Perhaps a better way to get their message across would have
been to simply post it to the PICLIST, but I didn't find that
particular e-mail to be evil spam.
The problem with unsolicited e-mail is multifold; I don't agree on your
4 criteria on UCE, myself:
> - it is not too frequent;
There are a LOT of companies, world-wide, on the 'Net, if each "just"
sent me one e-mail monthly to tell me of their products, I might as well
just drop my Internet connection. Do that math, figure out just how
many e-mails a day it comes out to, you'll not like the huge number you
get. That'd make your inbox bog down badly.
> - it's size does not exceed 10-20kB;
Those people with a 2400 baud connection in Ghana, would think of that
as an atrociously huge e-mail. Most people overseas pay, by the minute,
for their phone calls. Myself, I get 1-2 Megabytes per day, and I only
have a 3Mb inbox right now - I would rather not have to download mail
every 4 hours, I at least get to sleep nights right now <G>
> - it's subject is within my interests;
You must be LOTS more lucky than I am here; I usually get "Send me
money and I'll tell you how to get other people to send you money",
multi-level SCAM posts, not within MY interests <G> I'd say that I've
maybe received ONE SPAM that was even a close match, and I boycotted
that company, because of the way they presented themselves.
> - return address is valid and I can unsubscribe myself.
Pretty rare, that; If their return address IS valid, most SPAMmers
will just send you more SPAM later, as they now "know you're a live one"
when you try to unsubscribe. So, most recipients of UCE, having been
burned until they learned better, send complaints to the senders' ISP,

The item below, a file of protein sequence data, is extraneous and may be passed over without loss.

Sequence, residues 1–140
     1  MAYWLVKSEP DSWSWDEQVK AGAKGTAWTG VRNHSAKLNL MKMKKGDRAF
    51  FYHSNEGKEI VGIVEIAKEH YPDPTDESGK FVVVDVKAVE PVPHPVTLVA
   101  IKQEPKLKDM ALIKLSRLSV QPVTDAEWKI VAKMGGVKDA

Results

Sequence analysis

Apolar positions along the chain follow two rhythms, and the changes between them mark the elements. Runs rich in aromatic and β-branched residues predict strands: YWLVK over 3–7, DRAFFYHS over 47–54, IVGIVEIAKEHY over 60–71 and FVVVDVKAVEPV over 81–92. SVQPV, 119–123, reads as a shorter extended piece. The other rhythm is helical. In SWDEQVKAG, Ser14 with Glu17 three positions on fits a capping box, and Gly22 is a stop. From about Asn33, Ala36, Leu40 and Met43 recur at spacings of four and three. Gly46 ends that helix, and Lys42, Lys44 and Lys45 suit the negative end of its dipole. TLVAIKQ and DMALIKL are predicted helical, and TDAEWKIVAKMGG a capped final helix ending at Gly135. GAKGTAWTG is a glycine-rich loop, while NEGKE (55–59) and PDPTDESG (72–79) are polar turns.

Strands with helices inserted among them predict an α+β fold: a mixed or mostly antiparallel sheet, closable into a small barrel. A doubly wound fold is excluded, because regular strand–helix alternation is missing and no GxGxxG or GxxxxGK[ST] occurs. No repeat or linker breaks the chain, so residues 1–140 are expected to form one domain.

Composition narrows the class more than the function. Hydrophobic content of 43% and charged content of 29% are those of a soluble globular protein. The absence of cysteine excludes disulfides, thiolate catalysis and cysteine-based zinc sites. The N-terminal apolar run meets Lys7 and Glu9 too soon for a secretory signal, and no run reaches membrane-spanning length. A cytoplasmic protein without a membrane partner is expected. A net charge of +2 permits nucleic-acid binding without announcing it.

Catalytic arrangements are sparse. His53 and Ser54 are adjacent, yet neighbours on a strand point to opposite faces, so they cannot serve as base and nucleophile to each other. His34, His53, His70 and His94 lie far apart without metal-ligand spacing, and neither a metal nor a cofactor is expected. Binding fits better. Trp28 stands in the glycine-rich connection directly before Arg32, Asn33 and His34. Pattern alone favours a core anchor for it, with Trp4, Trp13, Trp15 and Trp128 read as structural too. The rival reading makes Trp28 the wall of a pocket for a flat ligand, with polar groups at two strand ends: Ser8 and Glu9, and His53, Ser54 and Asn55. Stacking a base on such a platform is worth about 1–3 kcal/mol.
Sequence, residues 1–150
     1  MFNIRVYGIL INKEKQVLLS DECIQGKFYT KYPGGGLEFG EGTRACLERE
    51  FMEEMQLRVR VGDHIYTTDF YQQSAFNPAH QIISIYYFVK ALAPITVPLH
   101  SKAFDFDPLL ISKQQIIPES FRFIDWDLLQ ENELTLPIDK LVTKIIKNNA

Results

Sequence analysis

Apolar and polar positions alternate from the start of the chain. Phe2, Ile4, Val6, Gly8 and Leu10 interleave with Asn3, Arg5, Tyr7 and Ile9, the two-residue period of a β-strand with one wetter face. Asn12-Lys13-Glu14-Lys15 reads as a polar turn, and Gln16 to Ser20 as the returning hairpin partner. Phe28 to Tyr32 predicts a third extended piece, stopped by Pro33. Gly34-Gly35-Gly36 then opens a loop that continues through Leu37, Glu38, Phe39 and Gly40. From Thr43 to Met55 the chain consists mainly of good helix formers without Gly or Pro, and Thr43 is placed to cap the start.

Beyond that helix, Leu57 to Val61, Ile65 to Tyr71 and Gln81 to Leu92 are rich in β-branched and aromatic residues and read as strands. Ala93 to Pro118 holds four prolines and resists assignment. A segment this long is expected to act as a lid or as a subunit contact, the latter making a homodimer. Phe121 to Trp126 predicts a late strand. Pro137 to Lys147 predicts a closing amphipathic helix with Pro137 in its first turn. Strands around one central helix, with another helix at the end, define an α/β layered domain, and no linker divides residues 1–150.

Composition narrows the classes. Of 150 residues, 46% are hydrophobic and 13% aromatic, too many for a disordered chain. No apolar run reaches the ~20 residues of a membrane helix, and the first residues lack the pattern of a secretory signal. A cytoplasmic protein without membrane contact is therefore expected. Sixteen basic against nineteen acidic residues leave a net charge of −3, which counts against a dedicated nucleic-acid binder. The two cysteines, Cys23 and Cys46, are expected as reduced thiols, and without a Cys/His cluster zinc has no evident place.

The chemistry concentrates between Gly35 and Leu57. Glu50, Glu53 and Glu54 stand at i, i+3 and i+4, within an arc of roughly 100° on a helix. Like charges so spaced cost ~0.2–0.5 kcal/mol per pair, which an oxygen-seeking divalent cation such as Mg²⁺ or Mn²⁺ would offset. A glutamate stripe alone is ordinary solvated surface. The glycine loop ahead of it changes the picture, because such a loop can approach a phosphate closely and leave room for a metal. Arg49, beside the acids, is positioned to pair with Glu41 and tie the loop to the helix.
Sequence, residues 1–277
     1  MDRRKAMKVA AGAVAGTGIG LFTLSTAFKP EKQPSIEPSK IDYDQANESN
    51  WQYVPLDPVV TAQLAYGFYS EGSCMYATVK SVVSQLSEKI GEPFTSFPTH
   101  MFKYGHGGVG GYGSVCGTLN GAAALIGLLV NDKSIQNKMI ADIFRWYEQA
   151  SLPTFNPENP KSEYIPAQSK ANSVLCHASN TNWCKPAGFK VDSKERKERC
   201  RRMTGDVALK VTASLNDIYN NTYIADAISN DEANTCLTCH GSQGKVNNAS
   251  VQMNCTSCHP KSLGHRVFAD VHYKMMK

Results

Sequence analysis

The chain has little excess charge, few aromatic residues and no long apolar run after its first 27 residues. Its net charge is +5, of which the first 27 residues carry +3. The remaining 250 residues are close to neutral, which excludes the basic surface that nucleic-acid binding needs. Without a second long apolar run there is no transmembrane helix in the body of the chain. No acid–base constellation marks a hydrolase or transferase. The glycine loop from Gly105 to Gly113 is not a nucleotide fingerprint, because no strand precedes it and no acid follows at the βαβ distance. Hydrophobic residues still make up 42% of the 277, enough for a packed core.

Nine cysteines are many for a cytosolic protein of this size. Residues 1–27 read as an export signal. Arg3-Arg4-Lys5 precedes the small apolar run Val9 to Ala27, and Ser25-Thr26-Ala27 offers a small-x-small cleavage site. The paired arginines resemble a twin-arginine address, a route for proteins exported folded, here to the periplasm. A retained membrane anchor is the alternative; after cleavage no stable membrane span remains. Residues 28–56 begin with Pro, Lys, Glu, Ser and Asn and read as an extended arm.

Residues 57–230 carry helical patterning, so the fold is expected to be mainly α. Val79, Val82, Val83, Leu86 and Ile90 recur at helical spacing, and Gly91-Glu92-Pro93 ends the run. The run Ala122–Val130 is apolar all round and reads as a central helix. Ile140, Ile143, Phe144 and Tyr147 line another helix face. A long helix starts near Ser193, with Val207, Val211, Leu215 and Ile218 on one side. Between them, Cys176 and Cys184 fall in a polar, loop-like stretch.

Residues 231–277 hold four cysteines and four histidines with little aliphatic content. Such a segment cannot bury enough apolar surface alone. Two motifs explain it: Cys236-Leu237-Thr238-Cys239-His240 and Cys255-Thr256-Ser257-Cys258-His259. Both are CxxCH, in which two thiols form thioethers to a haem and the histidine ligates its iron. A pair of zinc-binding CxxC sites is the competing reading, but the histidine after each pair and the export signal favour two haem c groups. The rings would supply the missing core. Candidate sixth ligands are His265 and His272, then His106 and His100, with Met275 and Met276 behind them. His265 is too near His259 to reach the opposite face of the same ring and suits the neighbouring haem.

asking them to yank the Internet Access of the sender, until they learn
to behave. I imagine that there are at least, what, 300-400 people on
here that can read headers and write effective LARTs?
SPAM has these problems: (Yeah, I'm paraphrasing CAUCE's info <G>)
Cost-Shifting. Sending bulk email is amazingly cheap. With a 28.8
dialup connection and a PC, a spammer can send hundreds of thousands of
messages per hour. Great for the spammer, BUT, WE all get to pay for the
costs of dealing with it. Want cheaper ISP fees? Get rid of SPAMmers.
On AOL, about 30% of their e-mail bandwidth is UCE; That extra
bandwidth raises AOL's rates, or cuts into other services that AOL could
provide for the same monthly charge.
Fraud. Spammers know that about 95% of recipients don't want to
receive their messages. As a result, they make the mail "subject" look
like it is anything other than an advertisement. They relay their
messages off the mail server of an innocent third party.They forge the
headers of messages, making it appear as though the message originated
elsewhere, again providing a convenient target to misdirect recipients'
Waste of Others' Resources. When a spammer sends an email message to a
million people, it is carried by numerous other systems en route to its
destination, once again shifting cost away from the originator. There is
no justification for forcing third parties to bear the load of
There's a long tradition in the US, of making commercial enterprises
bear the costs of what that do to make money. For example, it would be
far cheaper for chemical manufacturers to dump their waste into the
rivers and lakes... however "externalities" (as the economists call it)
are bad because they allow one person to profit at another's -- or
everyone's -- expense.
Displacement of Normal Email. Email is increasingly becoming a
critical business tool. In the late 1980s, as more and more businesses
began to use Fax machines, the marketers decided that they could Fax you
their advertisements. Remember the piles and piles of office supply